Let God be judge to such an attainment, still, some parts of this interview need commenting. Dependence of the science on the state - first of all, in issues of research projects’ funding – discouraged many scientists from opposing the state authorities openly; they either direct their efforts at developing “approved” (though often fruitless) projects, or report conclusions that are basically non-figurative and weasel – therefore, quite safe for the authors. The cited above abstracts from the interview are of the this kind, and thus, “helps” politicians in taking certain decisions. Let us quote another part from the mentioned above interview: “as a person who knows Baikal well, as well as a scientist who is in charge of the Institute for Limnology, I can say with assurance that there is no danger threatening Baikal now, and nothing disastrous can be foreseen in the future”. Or another one, even “better”: “Baikal is a huge system. In comparison to it, the pulp-and-paper plant is a sand-grain. A renowned popularizer of science Ya. Perelman wrote that if all the humanity were drowned in Baikal, its water level would rise by five millimeters. Fifty years have passed since then, the number of humans almost doubled, so Baikal’s level would rise by five more millimeters! I suppose this example gives quite a vivid idea about the size of the natural object named Baikal. Thus, to pollute it would be a difficult and a costly task - in all probability, combined industries of the most advanced countries would not cope with this task. This region is populated by about two mln people, while only 100 000 reside on Baikal’s shores – that is, extremely few people. Once I demonstrated to my German colleagues what Baikal is: I placed the lake’s map on the map of Germany and Baikal almost covered its entire territory! So, let’s not indulge in illusions: we do not have sufficient technical facilities to pollute Baikal to a disastrous state”.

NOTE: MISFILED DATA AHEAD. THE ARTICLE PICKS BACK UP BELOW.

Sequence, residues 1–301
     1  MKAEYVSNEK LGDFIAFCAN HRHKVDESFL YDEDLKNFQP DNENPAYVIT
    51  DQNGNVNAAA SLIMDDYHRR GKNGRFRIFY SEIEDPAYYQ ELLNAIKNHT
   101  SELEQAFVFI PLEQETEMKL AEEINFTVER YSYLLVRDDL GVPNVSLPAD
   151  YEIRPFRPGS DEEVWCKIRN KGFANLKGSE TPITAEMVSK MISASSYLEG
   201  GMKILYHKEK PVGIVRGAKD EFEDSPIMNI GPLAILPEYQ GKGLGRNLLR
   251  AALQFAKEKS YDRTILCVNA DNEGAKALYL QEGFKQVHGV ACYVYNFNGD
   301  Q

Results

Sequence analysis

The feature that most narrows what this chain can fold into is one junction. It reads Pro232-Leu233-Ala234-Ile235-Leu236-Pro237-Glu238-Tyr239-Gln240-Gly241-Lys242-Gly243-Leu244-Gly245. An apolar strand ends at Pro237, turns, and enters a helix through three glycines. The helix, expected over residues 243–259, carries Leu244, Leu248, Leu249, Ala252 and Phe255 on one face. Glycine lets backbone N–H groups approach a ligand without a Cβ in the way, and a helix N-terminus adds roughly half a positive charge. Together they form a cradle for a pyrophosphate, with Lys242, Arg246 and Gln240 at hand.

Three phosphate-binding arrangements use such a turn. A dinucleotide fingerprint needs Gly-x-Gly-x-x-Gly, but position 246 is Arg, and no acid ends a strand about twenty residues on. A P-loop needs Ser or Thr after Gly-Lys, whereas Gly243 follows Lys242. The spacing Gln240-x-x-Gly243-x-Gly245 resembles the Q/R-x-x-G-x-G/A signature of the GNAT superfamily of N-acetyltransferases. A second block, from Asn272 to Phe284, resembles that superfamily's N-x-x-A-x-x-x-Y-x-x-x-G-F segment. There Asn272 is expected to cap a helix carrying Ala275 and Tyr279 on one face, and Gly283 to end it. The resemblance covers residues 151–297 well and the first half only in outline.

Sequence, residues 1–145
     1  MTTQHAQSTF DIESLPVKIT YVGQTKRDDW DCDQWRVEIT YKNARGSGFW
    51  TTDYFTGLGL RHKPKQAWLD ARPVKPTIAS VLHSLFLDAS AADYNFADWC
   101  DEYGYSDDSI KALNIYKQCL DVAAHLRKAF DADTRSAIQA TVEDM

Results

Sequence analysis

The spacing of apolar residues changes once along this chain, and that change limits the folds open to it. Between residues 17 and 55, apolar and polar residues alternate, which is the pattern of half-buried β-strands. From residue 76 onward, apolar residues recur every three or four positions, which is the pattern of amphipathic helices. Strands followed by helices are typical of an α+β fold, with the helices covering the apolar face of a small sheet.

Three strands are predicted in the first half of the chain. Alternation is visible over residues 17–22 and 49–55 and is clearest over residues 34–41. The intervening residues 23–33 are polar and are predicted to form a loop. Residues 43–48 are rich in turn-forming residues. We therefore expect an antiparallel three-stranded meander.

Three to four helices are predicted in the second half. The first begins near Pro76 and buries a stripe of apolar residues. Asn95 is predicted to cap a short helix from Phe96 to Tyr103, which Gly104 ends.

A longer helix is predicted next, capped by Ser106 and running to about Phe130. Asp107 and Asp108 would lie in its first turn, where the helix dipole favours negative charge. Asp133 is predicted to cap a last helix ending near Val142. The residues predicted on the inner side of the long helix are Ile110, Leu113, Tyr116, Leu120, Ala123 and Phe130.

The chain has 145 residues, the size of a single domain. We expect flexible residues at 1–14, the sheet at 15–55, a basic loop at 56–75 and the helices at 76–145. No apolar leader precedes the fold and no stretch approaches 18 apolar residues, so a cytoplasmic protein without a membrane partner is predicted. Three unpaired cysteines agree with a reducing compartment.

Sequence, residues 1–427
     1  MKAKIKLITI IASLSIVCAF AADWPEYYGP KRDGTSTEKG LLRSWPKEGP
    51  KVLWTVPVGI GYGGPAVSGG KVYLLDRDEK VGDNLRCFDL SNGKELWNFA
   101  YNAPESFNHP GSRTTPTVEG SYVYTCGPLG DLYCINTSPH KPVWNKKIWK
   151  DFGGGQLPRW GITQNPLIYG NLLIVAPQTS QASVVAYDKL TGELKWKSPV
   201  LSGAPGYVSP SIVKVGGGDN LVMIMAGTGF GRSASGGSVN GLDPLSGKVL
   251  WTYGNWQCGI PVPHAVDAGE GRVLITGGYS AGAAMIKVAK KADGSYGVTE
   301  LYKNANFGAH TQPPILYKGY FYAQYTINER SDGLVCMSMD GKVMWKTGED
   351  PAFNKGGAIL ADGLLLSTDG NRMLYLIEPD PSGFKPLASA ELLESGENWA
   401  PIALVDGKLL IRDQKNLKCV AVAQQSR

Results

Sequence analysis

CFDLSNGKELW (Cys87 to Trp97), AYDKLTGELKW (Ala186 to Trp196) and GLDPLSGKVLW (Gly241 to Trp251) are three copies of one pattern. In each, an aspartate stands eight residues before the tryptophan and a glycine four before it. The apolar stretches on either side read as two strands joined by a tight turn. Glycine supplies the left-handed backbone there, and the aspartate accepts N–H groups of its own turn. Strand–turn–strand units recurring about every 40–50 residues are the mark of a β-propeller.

I have no wish to belittle the importance of this official or the successes of the institution headed by him. But don’t his words mean a veiled compliance with not only the existing plants on Baikal’s shores, but with dozens of new ones? And don’t these words contain an involuntary (?) disrespect to those who fight, fought and will fight for Baikal’s ecology?